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Old 12-20-2016, 12:20 AM
Location: too far from the sea
19,882 posts, read 18,894,234 times
Reputation: 33808


I don't have any elders left. But when they were in their 90s, I did listen. I wish I had asked more, listened more. I got lucky because of my interest in family history. It caused me to interview a 90 year old uncle. It never would have occurred to me to ask these questions if they hadn't been on a list of things to ask for genealogy.

How they coped when they came to this country in 1912, what it was like to leave all your family behind, knowing you would never see them again, why that side of the family bonded so strongly--it was because all they had was each other and they never even knew their own cousins.

That someone could be really sick when they were young and then go on to live to be almost 100--I never knew that about my grandmother and it's a smart thing to know. You can see someone who is weak but they turn around and live to nearly 100 with never a dull moment, full of fun.

That in the old days people knew how to cope and they didn't have the luxury of being sensitive or pampering their feelings. If they had to kill a favorite animal to eat, they just did it.

I saw an memorable example of what to do when someone suffers a deep loss. What I saw was--take something, practically anything, and just GIVE it to them. Right away. Grab a book of nice pictures from your bookcase, race over to their house and just hand it to them. Give them a pen, give them something tangible. They have LOST, now they need to RECEIVE. And it takes their mind off their loss, plus making them feel that they matter. I saw that and in the future when I suffered a loss, I recognized that same need in myself, to be given to.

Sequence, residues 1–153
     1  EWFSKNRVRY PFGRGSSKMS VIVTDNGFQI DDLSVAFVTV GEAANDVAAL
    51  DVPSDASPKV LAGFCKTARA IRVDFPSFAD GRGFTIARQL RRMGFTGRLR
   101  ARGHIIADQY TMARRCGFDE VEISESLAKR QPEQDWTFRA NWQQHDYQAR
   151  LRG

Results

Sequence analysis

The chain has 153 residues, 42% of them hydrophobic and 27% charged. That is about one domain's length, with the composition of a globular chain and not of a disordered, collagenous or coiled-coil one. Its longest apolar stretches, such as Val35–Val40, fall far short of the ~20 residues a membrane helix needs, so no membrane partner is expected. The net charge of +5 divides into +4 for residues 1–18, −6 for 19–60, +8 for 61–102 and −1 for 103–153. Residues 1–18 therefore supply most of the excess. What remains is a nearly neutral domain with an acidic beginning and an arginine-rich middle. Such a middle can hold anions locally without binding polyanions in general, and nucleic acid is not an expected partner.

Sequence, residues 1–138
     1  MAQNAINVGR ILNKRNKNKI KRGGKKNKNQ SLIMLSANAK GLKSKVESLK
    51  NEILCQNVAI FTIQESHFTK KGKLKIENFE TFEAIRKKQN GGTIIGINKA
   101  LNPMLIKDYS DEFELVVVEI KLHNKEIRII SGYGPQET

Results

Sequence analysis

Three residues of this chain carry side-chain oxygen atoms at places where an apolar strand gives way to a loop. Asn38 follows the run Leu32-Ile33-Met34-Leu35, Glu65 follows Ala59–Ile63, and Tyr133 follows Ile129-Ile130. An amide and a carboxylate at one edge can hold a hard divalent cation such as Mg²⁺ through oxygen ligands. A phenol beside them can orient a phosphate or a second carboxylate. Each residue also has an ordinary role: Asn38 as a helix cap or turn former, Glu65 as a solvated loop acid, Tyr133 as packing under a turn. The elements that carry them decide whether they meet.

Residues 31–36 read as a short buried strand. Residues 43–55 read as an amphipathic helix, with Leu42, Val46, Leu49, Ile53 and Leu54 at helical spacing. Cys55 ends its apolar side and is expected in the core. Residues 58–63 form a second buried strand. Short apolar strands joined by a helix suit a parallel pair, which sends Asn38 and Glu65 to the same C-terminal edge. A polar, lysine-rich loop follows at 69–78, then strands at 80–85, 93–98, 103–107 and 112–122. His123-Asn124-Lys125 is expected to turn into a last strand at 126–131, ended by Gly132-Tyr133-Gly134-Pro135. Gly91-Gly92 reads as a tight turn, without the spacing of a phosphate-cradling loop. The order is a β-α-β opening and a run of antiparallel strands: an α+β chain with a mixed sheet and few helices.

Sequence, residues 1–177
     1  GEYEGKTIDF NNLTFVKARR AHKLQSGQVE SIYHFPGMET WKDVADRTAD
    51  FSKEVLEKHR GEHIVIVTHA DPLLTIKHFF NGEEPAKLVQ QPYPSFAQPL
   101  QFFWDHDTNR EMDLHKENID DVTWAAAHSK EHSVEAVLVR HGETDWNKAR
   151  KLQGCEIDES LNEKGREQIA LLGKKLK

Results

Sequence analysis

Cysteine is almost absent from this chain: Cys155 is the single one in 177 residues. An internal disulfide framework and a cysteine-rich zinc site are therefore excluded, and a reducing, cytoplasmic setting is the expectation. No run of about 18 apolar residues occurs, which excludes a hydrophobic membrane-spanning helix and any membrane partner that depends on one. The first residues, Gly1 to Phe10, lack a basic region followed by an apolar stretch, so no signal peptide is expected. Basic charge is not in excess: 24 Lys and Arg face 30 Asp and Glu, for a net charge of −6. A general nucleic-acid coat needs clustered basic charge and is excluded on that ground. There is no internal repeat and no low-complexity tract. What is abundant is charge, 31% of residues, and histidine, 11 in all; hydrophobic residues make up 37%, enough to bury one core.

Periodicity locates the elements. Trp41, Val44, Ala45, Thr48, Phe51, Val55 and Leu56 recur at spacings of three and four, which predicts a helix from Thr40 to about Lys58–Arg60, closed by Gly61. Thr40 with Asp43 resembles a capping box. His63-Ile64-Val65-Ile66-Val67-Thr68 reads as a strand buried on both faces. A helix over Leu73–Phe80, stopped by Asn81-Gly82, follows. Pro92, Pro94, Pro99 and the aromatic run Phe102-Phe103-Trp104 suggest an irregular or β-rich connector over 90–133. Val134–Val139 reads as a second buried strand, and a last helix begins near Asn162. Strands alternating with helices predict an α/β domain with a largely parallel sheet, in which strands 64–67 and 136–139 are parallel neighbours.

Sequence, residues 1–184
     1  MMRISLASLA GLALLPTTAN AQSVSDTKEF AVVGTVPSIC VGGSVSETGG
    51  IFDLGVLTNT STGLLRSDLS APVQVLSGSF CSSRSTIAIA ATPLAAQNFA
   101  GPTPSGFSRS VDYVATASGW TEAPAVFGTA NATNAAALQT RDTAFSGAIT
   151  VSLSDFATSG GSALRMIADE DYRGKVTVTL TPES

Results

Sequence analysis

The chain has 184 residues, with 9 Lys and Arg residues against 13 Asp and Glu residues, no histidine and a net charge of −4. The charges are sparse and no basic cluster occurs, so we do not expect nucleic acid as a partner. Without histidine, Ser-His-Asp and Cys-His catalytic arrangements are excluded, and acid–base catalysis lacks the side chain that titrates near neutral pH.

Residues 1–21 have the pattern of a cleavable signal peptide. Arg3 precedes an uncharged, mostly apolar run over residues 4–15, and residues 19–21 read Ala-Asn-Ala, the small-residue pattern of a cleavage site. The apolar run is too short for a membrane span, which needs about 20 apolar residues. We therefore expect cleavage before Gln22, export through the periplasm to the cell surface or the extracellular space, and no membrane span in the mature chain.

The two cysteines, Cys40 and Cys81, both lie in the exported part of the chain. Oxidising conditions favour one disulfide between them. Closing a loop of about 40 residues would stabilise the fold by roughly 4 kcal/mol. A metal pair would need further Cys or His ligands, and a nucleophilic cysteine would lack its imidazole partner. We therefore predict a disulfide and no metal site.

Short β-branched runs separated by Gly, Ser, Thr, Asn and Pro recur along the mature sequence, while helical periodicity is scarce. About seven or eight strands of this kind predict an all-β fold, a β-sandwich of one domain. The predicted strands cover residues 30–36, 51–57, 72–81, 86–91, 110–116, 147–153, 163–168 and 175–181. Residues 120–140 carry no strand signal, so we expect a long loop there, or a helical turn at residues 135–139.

People that you love and admire can be capable of terrible things. I think I had an elderly aunt on each side of the family who killed her husband! One had a cheater and, though it was never proven, the newspapers remarked how strange his death was, aboard his boat. The other never liked her second husband and allowed him to die without calling for help. It's cold blooded and something I don't want to do. But the behavior grew out of a time when people did what they had to do and went on with their lives. No sentimental nonsense. I am horrified to think of it and I don't know if it was wise or not but both went on happily with their lives.

I learned that good parents can end up with nasty kids through no fault of their own. I heard the stories, not just from the parent but also from unbiased witnesses. I saw also that a retired man can be eternally grateful to a teacher who saw potential in him and pulled some strings to get him into college. And that the retired man will go forward to help other people who are in need, as he was.

I learned that people tell white lies that are passed down in the family. The elders will finally tell you--or not! But if you persist, maybe one of the disloyal elders will tell you the truth! Then things make sense and you gain a better understanding of human behavior now that you have the full picture.

I guess I was lucky to have family members who lived such long lives and who enjoyed talking about the past when I asked. They didn't dwell on it but they'd answer my questions. I wish I had asked them for advice instead of just asking about their lives. There was a wealth of knowledge and experience to draw on. But now I just try to emulate them and to try to learn from their experiences.

But I've always loved to listen to old people.
my posts as moderator will be in red. Moderator: Health&Wellness~Genealogy. The Rules--read here>>> TOS. If someone attacks you, do not reply. Hit REPORT.
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Old 12-20-2016, 02:06 AM
Location: next up where ever I go
588 posts, read 345,366 times
Reputation: 2087
I am 61 and have two friends about to turn 80.

I have wine with one and we discuss politics. We have agreed that when or if the time comes that we wish to protest I am to drive the car and she will hold the sign!

The other friend does not drink but she does lunch so that is what we do and we discuss finances, politics, her grandkids, our pets or anything else going on. She is about as a go getter as could be and can still light up a room with her personality.

I am blessed to have these two wonderfully interesting women in my life.

And from time to time they ask me what my take is on life. Since I am officially an elder now LOL!